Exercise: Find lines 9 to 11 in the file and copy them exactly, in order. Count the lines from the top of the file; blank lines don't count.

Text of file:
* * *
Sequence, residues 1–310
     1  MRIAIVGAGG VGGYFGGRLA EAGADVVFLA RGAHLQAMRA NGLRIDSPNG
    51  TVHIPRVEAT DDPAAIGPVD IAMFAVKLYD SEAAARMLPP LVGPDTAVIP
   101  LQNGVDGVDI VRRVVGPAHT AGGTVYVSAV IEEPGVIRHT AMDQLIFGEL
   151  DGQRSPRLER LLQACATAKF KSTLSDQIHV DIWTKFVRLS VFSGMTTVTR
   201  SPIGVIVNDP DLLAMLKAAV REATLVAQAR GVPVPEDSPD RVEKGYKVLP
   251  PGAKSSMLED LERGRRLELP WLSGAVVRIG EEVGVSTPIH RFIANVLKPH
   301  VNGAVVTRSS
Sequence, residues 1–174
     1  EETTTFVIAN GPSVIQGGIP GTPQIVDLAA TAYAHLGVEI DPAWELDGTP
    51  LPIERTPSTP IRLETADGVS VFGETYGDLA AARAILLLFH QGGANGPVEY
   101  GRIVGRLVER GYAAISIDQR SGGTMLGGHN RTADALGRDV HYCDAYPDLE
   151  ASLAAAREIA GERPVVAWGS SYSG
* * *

Sequence, residues 1–174
     1  EETTTFVIAN GPSVIQGGIP GTPQIVDLAA TAYAHLGVEI DPAWELDGTP
    51  LPIERTPSTP IRLETADGVS VFGETYGDLA AARAILLLFH QGGANGPVEY